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February 2017

Road Blocks in Science

Dr. Robert Fox is here with us to expand on his book, Science without Frontiers. Taking inspiration from earlier lectures, Fox dives into the history of scientific innovation and the ideologies behind these advancements. Whatever the aspirations of individual scientists or the status of projects underway, science is always subject to surveillance and the interference of shifting political agendas. Today, Fox gives a few real-life examples of the ways that politics have affected scientific inquiry throughout history.


Science without Frontiers had its origins in the three lectures that I gave at Oregon State University, Corvallis, as Horning Visiting Fellow in the Humanities in May 2013. When I gave the lectures, I had no idea that, barely three years on, the ideals of the free exchange of knowledge and the free movement of people would assume the immediacy that they have today. In the lectures, I addressed the challenges and aspirations that came, from the mid-nineteenth century, with the accelerating proliferation of scientific books, specialized journals, and press and conference reports. In the face of the growing volume and diversity of knowledge, the procedures of information retrieval assumed unprecedented importance. In the sciences, responses to what was widely seen as a crisis of overload included abstracting journals (Pharmaceutisches Centralblatt was the first of them in 1830) and a new generation of bibliographies and other finding aids.

It is tempting to interpret such innovations as a simple response to a practical problem. But in Science without Frontiers I argue that the push to facilitate the access to scientific knowledge and promote its circulation was also driven by a broader, universalist ideology with a strong pacifist streak. When two Belgian lawyers, Paul Otlet and Henri La Fontaine, launched their International Institute of Bibliography in Brussels in 1895, they did so in the belief that in cataloguing the sources of human knowledge in all its forms, they were taking a first step on a road to a world at peace. Their guiding principle was straightforward: so long as knowledge was open to all and nations and their peoples communicated freely with one another, war between them would be inconceivable.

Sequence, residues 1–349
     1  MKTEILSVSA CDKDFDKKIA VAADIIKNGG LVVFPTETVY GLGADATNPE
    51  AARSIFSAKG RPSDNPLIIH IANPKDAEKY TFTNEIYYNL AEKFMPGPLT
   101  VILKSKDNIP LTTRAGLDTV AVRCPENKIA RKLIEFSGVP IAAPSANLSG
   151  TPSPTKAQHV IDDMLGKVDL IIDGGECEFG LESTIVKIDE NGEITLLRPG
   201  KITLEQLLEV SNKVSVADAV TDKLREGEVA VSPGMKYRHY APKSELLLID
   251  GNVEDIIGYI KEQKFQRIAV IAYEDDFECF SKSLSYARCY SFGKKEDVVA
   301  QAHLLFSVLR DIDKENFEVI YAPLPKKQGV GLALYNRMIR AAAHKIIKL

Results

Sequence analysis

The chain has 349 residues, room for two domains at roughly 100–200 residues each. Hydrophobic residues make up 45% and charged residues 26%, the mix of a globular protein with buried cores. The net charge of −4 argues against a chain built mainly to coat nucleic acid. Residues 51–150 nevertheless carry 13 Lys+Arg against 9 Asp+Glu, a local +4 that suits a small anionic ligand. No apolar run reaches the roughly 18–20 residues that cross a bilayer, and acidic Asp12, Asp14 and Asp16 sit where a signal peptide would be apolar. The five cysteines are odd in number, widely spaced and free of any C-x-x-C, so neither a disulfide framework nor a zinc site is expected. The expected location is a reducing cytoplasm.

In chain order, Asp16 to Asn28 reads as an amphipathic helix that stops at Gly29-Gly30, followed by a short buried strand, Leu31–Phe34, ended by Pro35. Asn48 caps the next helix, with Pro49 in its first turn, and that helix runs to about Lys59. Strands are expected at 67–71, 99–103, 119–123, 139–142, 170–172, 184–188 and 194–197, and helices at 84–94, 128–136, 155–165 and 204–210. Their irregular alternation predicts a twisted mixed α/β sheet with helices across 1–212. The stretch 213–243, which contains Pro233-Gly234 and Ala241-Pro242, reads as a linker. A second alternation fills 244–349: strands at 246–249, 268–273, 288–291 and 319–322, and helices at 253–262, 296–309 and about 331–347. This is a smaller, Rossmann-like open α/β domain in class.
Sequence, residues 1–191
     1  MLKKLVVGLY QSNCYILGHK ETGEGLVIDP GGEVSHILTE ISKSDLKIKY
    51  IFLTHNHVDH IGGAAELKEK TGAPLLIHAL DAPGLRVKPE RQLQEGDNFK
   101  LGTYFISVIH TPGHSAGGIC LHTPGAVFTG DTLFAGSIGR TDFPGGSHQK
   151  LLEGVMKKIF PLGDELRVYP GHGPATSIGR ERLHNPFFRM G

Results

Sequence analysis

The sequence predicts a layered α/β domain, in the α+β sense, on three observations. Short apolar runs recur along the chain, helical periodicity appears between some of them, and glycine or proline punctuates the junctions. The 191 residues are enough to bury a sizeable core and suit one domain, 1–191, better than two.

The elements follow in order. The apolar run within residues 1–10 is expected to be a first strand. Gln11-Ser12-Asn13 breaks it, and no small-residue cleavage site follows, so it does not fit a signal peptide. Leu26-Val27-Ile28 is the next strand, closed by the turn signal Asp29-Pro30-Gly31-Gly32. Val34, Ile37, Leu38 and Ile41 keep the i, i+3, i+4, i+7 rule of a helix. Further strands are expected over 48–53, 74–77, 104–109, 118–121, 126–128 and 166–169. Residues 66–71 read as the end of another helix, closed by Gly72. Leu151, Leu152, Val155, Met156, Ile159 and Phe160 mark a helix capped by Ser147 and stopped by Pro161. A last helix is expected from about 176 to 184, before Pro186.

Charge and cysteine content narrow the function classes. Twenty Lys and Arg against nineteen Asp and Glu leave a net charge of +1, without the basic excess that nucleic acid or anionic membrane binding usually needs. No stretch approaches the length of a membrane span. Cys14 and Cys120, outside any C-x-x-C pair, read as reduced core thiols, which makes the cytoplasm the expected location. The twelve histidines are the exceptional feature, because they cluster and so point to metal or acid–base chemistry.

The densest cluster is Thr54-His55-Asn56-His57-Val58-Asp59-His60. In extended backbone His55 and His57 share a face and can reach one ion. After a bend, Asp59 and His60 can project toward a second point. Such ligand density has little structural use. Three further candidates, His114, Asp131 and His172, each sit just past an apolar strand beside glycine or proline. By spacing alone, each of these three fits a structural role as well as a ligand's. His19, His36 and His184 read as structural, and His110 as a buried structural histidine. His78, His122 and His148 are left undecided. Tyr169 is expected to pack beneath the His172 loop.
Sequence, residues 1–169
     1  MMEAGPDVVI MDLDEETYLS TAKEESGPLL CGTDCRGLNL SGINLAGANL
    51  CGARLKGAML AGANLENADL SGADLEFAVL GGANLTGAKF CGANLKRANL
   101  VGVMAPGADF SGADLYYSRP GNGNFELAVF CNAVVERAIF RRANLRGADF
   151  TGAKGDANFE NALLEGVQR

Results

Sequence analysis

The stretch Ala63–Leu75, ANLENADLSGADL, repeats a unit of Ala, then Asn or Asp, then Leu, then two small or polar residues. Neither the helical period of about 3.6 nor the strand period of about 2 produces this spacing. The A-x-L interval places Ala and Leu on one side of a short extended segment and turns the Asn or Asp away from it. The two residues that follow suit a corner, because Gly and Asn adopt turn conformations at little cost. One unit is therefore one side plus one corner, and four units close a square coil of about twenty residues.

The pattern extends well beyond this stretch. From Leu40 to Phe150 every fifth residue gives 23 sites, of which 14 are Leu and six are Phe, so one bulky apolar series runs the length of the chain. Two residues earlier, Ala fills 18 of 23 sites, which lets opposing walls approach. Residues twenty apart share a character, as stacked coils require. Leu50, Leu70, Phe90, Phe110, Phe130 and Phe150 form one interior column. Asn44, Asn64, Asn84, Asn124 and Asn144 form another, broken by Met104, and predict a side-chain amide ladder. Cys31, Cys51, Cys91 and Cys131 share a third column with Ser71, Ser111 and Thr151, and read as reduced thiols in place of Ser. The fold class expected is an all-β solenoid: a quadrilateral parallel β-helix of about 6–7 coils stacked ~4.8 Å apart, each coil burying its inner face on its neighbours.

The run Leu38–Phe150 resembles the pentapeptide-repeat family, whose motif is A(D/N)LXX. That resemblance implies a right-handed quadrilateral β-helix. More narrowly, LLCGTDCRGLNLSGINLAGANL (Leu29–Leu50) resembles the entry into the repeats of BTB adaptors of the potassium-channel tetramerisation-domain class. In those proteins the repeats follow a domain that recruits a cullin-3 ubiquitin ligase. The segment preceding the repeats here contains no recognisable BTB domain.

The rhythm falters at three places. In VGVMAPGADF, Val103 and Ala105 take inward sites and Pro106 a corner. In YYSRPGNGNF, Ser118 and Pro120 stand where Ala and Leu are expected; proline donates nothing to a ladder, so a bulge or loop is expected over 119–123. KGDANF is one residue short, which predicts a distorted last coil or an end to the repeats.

A similar motivation fired the Norwegian-American sculptor, Hendrik Christian Andersen, who published his plan for a utopian city that he conceived as a World Centre of Communication in 1913, when the tide of universalist sentiment was at its height. Within months, however, the Great War dealt a fatal blow to Andersen's hopes and seriously inhibited the work of the International Institute of Bibliography. Quite suddenly, sciene became the property of the belligerent nations, with consequences in the development of poison gases and other science-based weapons.

In important ways, the coming of peace in 1918 did little to allay wartime enmities. The exclusion of German scientists from conferences under the aegis of the newly established International Research Council (IRC) and the associated ban on the use of the German language at the IRC's conferences constituted assaults on the universalist ideals to which the scientific world had adhered, or at least paid lip service, since the beginnings of modern science in the seventeenth century. And worse was to come. The consolidation of totalitarian regimes in the 1920s and 1930s, in Soviet Russia, Italy, Germany and Spain, resulted in the subordination of the scientific communities of these countries to what their governments variously construed as their national interests. The hardships that Nazi authorities inflicted on Jewish scientists were all too symptomatic of a rejection of any notion of science as a part of a seamless web of learned culture.

A second world war only reinforced that rejection, as scientists were again called upon to serve their countries and turn away from their worldwide disciplinary communities. Even in the darkest days, however, the universalist dream did not completely die, and it re-emerged strongly iin the post-war creation of the United Nations Educational Scientific and Cultural Organization (UNESCO). UNESCO's declared aim of promoting "the free exchange of ideas and knowledge" was precisely that of Otlet, La Fontaine, and Andersen, and since 1946 its initiatives have done much to transcend the barriers of nationhood, race, and language, while respecting the distinctiveness of cultures.

Even in the institution of UNESCO's power and influence, however, the passage from precept to practice has never been easy. Certain British and American administrations have viewed UNESCO's actions as unsupportive, even subversive, of their particular national interests, and they have withdrawn or diminished their support. And now, in our day, we find universalist ideals on the back foot once again as impediments to the free movement of peoples and the ideas and talents they bring with them show signs of being strengthened, not diminished. In the name of a recovery of control over our borders, a post-Brexit Britain seems intent on breaking with the UK's hard-won integration in the networks of European science, despite the intellectual and financial benefits that integration has brought for so long.